Growing more human: a journey to empathetic AI
Instead of replacing human intelligence, Maslo helps expand it
Within creative communities, there’s something called the orthodoxy paradox: basically, everyone wants to be innovative and original, and as a result, appeals to the notions of innovation and originality start to feel clichéd and overused. Eventually, people stop paying attention to them.
Artificial intelligence occupies a unique space in this situation. This is a field of technology and creativity about as exciting as they come, offering the prospect of machines ceasing to be mere tools and becoming, instead, our peers. But these huge opportunities also mean there has been masses of hype, and of course, much of it has been empty. At times, AI can look like a victim of its own potential awesomeness.
About a year ago, we were contacted by Ross Ingram and Cristina Poindexter, two former Google engineers who had struck out on their own path to create an AI-assisted voice journaling platform named Maslo. And of course, the things I’ve just written above were in our minds as we began to learn about their product: would this be more than another jump onto the AI bandwagon, we wondered?
One of the criticisms that’s often levelled at AI projects is that by outsourcing thinking to machines, they seem to want to make humans think less. But here, Maslo not only avoided a potential pitfall of AI, but turned the situation around one hundred and eighty degrees: this, we quickly understood, was a product designed to expand human thinking, not to sideline it. And with features to facilitate mindfulness and group cooperation, it could actually go beyond thought, too.
Though super-intuitive to use, Maslo is a touch tricky to describe. In essence, it provides a space to create verbal journals, which it then analyzes using AI so as to provide actionable feedback. It’s a bit like sharing your journal entries with an attentive group of close and trusted friends: after listening carefully to your experiences, they’ll then tell you, honestly but supportively, what they think you should do as a result.
It’s important to say that Maslo is very much Ross and Cristina’s baby. When they got in touch with us last spring, it was already alive and kicking, and represented by a sometimes-playful, sometimes-thoughtful, deep-purple orb. But what it lacked was a vehicle in which to set forth — and so our job was to create first a mobile app, and then a website, with which to introduce Maslo to the world, and the world to Maslo.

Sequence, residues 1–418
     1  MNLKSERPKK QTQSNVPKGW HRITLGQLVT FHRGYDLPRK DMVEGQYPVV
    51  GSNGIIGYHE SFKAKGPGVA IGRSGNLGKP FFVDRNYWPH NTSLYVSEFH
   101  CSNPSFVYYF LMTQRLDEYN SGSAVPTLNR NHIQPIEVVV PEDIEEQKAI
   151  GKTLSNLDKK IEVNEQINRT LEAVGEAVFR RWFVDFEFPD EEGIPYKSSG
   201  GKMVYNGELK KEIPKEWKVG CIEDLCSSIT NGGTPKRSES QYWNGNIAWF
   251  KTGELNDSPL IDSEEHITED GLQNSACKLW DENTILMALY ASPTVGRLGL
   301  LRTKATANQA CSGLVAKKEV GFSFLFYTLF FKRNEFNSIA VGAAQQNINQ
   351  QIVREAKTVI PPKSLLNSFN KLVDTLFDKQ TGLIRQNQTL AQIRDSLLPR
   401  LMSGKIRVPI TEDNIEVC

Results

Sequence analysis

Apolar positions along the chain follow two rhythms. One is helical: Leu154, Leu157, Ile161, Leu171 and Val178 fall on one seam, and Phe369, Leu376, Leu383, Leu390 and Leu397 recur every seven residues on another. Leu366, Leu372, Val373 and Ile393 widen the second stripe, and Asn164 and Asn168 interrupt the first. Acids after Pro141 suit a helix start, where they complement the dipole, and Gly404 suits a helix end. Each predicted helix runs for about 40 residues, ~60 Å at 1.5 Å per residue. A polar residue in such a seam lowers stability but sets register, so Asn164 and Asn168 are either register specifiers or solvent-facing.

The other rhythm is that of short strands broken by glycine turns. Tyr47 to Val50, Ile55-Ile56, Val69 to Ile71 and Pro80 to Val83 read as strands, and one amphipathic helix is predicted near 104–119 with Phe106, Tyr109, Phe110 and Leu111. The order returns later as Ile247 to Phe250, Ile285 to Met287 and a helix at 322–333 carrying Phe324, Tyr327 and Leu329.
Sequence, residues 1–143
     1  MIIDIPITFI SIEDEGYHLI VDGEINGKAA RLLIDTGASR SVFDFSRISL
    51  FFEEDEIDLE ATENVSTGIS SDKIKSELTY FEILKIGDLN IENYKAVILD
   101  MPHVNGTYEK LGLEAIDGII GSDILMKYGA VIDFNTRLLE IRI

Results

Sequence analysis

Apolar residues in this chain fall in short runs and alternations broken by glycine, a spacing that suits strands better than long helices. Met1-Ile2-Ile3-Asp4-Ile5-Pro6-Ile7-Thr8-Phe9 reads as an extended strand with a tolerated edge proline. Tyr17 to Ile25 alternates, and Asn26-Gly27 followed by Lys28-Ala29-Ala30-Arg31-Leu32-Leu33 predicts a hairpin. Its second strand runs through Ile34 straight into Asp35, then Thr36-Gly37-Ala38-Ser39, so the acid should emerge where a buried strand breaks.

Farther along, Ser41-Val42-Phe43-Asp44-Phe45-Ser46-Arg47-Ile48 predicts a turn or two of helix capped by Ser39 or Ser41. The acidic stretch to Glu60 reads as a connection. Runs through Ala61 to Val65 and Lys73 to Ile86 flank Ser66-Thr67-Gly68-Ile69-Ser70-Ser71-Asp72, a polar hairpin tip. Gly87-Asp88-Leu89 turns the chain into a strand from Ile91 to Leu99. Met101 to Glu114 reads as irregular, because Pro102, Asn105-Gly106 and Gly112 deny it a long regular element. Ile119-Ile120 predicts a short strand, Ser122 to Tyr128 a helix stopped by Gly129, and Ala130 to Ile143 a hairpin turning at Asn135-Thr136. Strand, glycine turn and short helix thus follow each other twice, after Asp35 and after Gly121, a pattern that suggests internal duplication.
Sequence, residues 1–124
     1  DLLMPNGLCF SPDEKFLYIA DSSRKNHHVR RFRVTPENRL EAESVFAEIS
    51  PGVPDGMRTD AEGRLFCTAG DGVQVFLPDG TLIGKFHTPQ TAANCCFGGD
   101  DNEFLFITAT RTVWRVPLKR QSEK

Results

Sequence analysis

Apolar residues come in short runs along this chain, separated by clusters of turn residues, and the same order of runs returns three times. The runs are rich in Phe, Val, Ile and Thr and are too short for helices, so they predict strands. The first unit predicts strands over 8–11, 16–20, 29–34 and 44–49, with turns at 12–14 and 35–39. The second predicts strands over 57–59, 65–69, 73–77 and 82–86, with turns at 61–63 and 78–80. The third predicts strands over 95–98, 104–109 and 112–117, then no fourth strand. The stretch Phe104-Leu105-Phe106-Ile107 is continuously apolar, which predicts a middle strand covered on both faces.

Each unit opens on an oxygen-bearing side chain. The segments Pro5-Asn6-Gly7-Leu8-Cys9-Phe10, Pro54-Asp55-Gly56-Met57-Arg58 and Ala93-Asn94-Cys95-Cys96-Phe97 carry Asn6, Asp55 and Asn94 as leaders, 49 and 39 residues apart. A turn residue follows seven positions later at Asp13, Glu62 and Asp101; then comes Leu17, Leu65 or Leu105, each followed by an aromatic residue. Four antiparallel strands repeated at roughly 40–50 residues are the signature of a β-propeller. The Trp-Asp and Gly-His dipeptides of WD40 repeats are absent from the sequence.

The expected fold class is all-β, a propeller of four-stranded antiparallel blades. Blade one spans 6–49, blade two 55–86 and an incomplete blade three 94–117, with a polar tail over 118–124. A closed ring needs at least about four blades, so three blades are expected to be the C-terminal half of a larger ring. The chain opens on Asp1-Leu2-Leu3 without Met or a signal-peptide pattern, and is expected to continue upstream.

Like any personality, Maslo’s combines lots of different facets: it is human but also technological, futuristic but also friendly — and a bunch of other things besides. Simply from a design point of view, this is a complex path, and one that we understood must be trodden very carefully: it would be easy to over-emphasise one aspect of Maslo’s character, and this could throw people’s whole perception of it off balance.
Of course, the more complex and particular the aesthetic you’re seeking to convey, the greater the technical challenges will be in creating the app or website that is to embody them. Here, one of the important things was that Maslo was a living, breathing being — and that meant that his arrival in front of the eyes of the user, as well as every movement and transition in the app and website, had to be smooth, natural, and continuous.
Finally, there were some specific practical challenges: Ross and Cristina had a well-used Medium account, but they wanted to make use of the content they were creating for it to drive traffic to their new site, too. So we created a system to automatically pull content from their Medium page to a blog page on the website.
Growing with Maslo
Maslo is not, of course, an organic being, but it absolutely is a learning, developing entity. As more and more people begin to journal with Maslo, and its view of the world accordingly expands, so the insights and directions it is able to offer its users become more developed and mature. And since Maslo’s mission is that its users should themselves grow as people, the process will work as an upward spiral, with human and digital companion each fueling the other’s growth.
There are a few practical implications to this for us. The main one is that the ‘physical body’ — the app — in which Maslo goes out into the world will have to be continually developed, as Maslo develops. Right now, the app is hot off the press, but we’re already busy at work on the second version, so as to enable a seamless transition as soon as Maslo outgrows the current one. And of course, the process won’t stop there.
Then, just like a human, Maslo will eventually want to have greater independence from us — which is why the eventual objective so for it to exist not just in our app, but in and on a potentially unlimited number of other devices and platforms — letting people collaborate with Maslo in an ever broader range of settings.
As in any dynamic project, we at Zajno do not know exactly what the nature of our involvement with Maslo will be in the future. But because Ross and Cristina have invited us to come aboard with them as partners, we’re now in the privileged position of knowing that we’ll get to watch Maslo grow up. And we can’t wait to see what it grows into.
If you liked this, click 👏 so other people will see this here on Medium.